Dead Famous DNA
Dead Famous DNA has to be my most controversial TV project. To be honest, it was marmite television. It polarised viewers. Loads of people loved it. Some folk thought it was utter tosh. And, I respect that, of course. But, for me, it rates right up there with the best of what I have ever done. It’s certainly the most stylish – beautifully shot and crafted by my good friends at Double Act.
You see, I think unravelling the human genome – understanding what the six billion letter code means and how it works – is the most exciting, challenging, fascinating area of modern biology. It is going to revolutionise our lives. Personalised medicine is just the beginning, I am sure. This super specialist area of science is going to have a huge impact on us all, yet few folk have any idea what the genome is or the power it holds. The problem is that it’s a very tricky subject to turn in to prime time populist television. Unless, of course, you can pimp it up a bit and give it a bit of personality. So, that’s what we tried to do.
Over the best part of three years, I travelled the length and breadth of the USA on the most extraordinary road trip. Why the USA ? Simple. If I had tried to do it here, I would have been arrested !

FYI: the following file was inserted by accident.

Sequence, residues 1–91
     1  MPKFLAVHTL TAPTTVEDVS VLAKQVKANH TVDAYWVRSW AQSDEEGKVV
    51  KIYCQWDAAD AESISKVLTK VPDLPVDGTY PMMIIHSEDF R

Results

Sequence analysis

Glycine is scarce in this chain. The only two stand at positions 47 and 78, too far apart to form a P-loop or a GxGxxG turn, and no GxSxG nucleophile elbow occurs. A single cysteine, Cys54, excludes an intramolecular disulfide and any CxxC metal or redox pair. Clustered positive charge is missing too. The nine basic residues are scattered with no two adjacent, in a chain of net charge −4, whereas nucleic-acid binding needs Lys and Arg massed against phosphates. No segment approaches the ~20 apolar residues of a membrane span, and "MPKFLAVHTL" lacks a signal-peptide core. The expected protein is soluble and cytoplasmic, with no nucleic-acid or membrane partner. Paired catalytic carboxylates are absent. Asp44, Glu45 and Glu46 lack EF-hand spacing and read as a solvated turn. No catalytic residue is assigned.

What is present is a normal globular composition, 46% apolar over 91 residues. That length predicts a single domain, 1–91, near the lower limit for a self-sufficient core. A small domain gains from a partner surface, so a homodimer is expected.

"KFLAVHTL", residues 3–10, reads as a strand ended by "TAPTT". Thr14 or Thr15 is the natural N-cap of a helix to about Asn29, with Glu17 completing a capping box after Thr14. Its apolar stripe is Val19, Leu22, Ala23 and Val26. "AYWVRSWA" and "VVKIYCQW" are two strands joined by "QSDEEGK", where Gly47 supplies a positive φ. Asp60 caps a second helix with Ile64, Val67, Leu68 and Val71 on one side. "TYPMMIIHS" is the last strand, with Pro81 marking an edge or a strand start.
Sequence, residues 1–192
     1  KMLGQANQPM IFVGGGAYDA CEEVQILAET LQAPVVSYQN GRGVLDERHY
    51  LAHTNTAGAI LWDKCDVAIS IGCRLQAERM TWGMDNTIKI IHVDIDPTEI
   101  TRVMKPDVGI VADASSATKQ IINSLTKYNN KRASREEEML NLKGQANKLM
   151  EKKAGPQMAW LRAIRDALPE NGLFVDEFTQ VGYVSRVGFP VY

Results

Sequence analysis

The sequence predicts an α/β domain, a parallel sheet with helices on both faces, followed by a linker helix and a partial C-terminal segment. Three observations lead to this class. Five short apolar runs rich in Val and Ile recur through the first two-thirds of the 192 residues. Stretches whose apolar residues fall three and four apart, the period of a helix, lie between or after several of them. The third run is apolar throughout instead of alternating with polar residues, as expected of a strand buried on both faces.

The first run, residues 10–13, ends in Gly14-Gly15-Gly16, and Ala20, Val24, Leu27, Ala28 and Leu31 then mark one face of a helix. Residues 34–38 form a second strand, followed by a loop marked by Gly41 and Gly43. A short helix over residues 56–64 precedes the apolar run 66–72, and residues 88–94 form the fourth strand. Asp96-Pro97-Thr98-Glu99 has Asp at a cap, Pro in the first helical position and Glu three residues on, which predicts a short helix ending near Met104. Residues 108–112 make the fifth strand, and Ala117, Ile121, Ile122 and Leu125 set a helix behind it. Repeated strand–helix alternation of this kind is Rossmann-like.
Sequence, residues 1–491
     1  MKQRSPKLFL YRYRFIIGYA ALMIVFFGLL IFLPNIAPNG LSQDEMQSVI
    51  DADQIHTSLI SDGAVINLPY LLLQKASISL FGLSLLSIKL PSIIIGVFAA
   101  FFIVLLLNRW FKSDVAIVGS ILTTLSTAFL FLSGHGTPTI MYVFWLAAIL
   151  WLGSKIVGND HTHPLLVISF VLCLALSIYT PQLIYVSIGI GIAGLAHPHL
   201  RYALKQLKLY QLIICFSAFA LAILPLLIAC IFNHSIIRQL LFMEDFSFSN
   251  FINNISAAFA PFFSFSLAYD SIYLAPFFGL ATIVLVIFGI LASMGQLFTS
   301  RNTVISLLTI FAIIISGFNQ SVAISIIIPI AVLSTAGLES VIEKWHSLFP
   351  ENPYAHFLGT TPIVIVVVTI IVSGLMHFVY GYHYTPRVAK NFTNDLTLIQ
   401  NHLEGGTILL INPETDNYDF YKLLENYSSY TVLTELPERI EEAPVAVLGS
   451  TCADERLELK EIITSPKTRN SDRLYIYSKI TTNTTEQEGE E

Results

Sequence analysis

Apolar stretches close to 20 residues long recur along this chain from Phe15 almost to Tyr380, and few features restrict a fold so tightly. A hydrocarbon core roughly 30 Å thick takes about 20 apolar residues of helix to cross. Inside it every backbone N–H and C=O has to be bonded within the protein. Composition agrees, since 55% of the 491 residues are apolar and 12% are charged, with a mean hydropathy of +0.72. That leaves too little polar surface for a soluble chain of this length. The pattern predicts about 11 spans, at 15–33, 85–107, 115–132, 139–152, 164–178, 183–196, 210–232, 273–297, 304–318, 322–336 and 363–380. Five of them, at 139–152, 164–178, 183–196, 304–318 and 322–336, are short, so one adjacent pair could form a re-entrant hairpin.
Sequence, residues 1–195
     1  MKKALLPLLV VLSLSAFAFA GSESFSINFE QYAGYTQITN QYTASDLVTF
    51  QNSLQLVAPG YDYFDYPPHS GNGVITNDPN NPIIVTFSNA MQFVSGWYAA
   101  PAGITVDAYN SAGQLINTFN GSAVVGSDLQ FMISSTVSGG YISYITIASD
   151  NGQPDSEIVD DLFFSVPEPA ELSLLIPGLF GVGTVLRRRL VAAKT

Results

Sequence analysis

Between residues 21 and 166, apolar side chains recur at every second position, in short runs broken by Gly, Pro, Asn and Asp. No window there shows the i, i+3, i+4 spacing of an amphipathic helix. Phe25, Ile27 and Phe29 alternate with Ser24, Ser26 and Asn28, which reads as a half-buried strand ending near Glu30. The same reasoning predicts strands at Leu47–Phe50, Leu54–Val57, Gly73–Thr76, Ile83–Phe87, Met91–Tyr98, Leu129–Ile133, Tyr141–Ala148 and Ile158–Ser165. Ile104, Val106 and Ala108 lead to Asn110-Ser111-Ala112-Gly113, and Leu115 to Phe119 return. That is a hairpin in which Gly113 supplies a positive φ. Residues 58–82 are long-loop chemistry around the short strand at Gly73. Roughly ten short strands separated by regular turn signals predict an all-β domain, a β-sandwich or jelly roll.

I clocked up some serious mileage, burned tanker loads of cheap gas and met some truly fascinating people – dead and alive. My mission was to track down body parts of some of the most iconic, influential, famous and infamous characters from history. Napoleon, Einstein and JFK were all on the list. So were Elvis and John Lennon. If we could extract and sequence their genomes, we could ask the world’s leading experts to interpret them. How cool would it be to then compare, for each icon, their biology with their biography? By doing it, we hoped to get people talking about DNA – what it is and what the genome can and can’t tell us, for now at least. We wanted to provoke discussion and debate. We succeeded.
As for the results, a mixed bag. It felt like we were a few years too early as the science wasn’t quite where we needed it to be. We were pretty sure we had Elvis in the bag – quite literally. His hair had been collected in a bread bag by his barbour. The genome we sequenced from it was the best that had ever been achieved from a historic hair sample. We discovered that Darwin’s mystery, lifelong illness was almost certainly Crohn’s disease. And, there was a sting in the tale. Just before the films were due to air, we were contacted by the son of an America GI who claimed to have Eva Braun’s vanity case. In it was a hair brush and some hair. If that was Eva’s hair, and it seems incredibly like it was, then the last thing Adolf Hitler did before he shot himself was to marry a Jew.
We set out to be thought-provoking. We didn’t expect that !